Federal Cabinet has paved the way for modern citizenship law
23 August 2023
Germany has taken another step towards becoming a modern country of immigration. New legislation will allow multiple citizenship and earlier naturalisation.
The Federal Cabinet has adopted draft legislation prepared by the Federal Ministry of the Interior and Community (BMI) to modernise Germany’s citizenship law. In doing so, the Federal Government is implementing a key promise made in the coalition agreement. Once the legislation has entered into force, foreign nationals living in Germany will have the opportunity to become naturalised German citizens much earlier than before. The new legislation will also allow multiple citizenship.
In future, foreign nationals living in Germany will be able to apply for naturalisation after as little as five years instead of the previous eight. Those who are particularly well integrated can even become naturalised after three years.
Multiple citizenship to be made possible
The draft legislation will also allow multiple citizenship in Germany, which will give immigrants the opportunity to participate in society without completely cutting off all personal ties to their countries of origin. “
We want people who have long since become a part of our society to also be able to participate in our country’s democratic process. In future, immigrants will no longer be forced to give up a part of their identity. By allowing multiple citizenship, we are carrying out a long-overdue paradigm shift,” Federal Minister of the Interior Nancy Faeser said.
German nationals who wish to acquire another citizenship may also retain their German citizenship without having to go through the complicated process of applying for permission to do so. This will make things a lot easier for German nationals living and working abroad.
Clear rules for naturalisation
The draft legislation submitted by the BMI sets out clear rules for the acquisition of German citizenship. For instance, those who wish to become naturalised German citizens must demonstrate that they are well integrated, possess good German language skills and are able to support themselves without having to rely on social assistance.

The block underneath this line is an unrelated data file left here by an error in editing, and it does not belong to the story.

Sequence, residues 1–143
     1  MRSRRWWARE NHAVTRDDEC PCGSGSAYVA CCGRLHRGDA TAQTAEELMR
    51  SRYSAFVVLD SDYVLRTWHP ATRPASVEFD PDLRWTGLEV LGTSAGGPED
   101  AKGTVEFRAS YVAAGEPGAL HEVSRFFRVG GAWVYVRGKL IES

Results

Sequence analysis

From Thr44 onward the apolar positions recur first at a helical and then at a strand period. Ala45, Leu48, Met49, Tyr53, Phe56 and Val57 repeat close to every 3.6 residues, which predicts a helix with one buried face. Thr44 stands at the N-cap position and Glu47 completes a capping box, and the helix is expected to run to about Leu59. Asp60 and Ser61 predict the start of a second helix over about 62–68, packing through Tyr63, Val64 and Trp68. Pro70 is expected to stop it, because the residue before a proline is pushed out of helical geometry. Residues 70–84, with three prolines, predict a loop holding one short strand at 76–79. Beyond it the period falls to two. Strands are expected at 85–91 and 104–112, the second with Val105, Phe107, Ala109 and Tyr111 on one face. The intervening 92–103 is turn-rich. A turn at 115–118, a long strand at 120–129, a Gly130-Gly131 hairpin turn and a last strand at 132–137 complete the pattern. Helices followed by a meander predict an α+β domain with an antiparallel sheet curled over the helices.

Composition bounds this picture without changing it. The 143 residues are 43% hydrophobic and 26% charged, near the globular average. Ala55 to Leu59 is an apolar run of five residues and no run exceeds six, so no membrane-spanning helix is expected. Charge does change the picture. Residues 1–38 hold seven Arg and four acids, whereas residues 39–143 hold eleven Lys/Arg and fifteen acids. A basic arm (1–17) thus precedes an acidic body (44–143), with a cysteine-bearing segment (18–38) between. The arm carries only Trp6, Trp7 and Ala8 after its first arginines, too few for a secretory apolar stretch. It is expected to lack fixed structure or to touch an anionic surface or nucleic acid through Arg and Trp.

Minister Faeser also clarified:
“We will not allow those who express racism, antisemitism or any other form of hatred to become citizens – on this point there will be no tolerance.” Individuals who want to acquire German citizenship must therefore clearly commit to upholding the values of a free society. Those who do not share the values of dignity, equality of all people and equal rights of men and women or who act in violation of them cannot become German citizens.
Honouring the contribution of the “guest worker” generation
“Guest workers” in western Germany and “contract workers” in the former GDR made a vital contribution to Germany’s economic development. In the past, they had little opportunity to take part in integration programmes. For this reason, they will not have to fulfil as many requirements to become naturalised German citizens. Instead of having to demonstrate written German language skills, proof that the person is able to communicate without difficulty in German in daily life will be sufficient. In addition, members of the “guest worker” generation will not be required to take a citizenship test.
In future, children born in Germany to foreign parents will be able to acquire German citizenship without reservation and to retain the citizenship of their parents if at least one parent has been a legal resident of Germany for at least five years (the former requirement was eight years) and has a permanent right of residence. Early acquisition of German citizenship can play a very important role: studies have shown that educational attainment of children born in Germany with foreign roots is significantly higher if they acquire German citizenship at an early age.
Modern citizenship law to advance Germany’s Skilled Labour Strategy
Germany is competing in the global marketplace for skilled labour. By introducing the Skilled Immigration Act, the Federal Government has approved an important element of its strategy to foster immigration of skilled workers. “But we will only be able to attract the brightest minds if they can become an integral part of our society within the near future. That is why modern citizenship law is also key to ensuring Germany’s competitiveness,” Minister Faeser explained. She added that modernised citizenship law is an important step towards Germany becoming a modern country of immigration.